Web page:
Canadian Manufacturing

Canadian growth to keep pace with U.S. but loonie will remain weak, says RBC

According to RBC Economics, Canadian GDP is expected to grow by 2.6 per cent in 2017, below the global average of 3.5 per cent but above the U.S. at 2.2 per cent


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TORONTO—Canadian gross domestic product is expected to grow by 2.6 per cent in 2017 and 2.1 per cent in 2018.

This is according to the latest report by RBC Economics.

The study predicts the economy will grow at nearly double the average pace of the prior two years, due to a jump in consumer spending, business investment and government spending on infrastructure.

RBC says business investment in the first quarter of 2017 provided the biggest lift to growth since 2012, following two years of significant declines.

“Canada’s economy is on track to post its strongest gain in three years,” said Craig Wright, senior vice-president and chief economist at RBC.

Wright continued, “While we don’t discount the risk of a slowdown resulting from the pending renegotiation of NAFTA or the expected cooling of the housing market, we remain confident the economy will continue to grow at an above-potential pace for the remainder of this year.”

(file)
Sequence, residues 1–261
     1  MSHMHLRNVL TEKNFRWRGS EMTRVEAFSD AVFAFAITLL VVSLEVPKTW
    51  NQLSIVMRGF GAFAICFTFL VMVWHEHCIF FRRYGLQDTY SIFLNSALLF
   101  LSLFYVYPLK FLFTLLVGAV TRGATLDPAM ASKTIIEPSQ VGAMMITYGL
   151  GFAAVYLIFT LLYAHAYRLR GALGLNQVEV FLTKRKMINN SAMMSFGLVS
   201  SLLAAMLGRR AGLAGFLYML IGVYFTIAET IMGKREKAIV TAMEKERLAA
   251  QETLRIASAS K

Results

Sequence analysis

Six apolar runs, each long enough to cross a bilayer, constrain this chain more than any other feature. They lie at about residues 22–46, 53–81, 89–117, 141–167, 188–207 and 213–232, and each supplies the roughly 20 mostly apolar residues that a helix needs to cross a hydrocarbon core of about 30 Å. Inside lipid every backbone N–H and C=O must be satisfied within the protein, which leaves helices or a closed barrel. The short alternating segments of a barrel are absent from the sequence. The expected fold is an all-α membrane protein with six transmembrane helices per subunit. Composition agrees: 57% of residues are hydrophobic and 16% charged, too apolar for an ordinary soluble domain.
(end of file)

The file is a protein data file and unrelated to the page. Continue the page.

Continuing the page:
A Burgeoning Global Economy

While growth trends are positive in Canada, the study says the global economy will see more impressive growth; 3.5 per cent in 2017, which surpasses the 3.1 per cent growth experienced in 2016.

Election results in France and the Netherlands have lessened uncertainty concerning Europe, but according to RBC, American protectionism and Brexit negotations in the U.K. are casting a dark cloud on the sunny news.

As far as our neighbour to the south is concerned, the U.S. economy is expected to grow 2.2 per cent in 2017 and 2.3 per cent in 2018, due to wage growth and consumer spending.

The study says that despite a slight weakening, the U.S. dollar remains strong and will likely act as an impediment to robust export growth.

U.S. imports on the other hand are forecast to grow more quickly as U.S companies take advantage of the relatively strong currency to purchase imported machinery and equipment.

The strength of the Greenback is expected to be reinforced not only by continued growth but aggressive tightening by the U.S. Federal Reserve as well.

The Canadian dollar is expected to end 2017 at 71.4 U.S. cents, but RBC economics expects a brighter outlook in 2018, when the Loonie is expected to rise to 75.2 U.S. cents, as the Bank of Canada starts to raise the overnight interest rate and oil prices continue to rebound.


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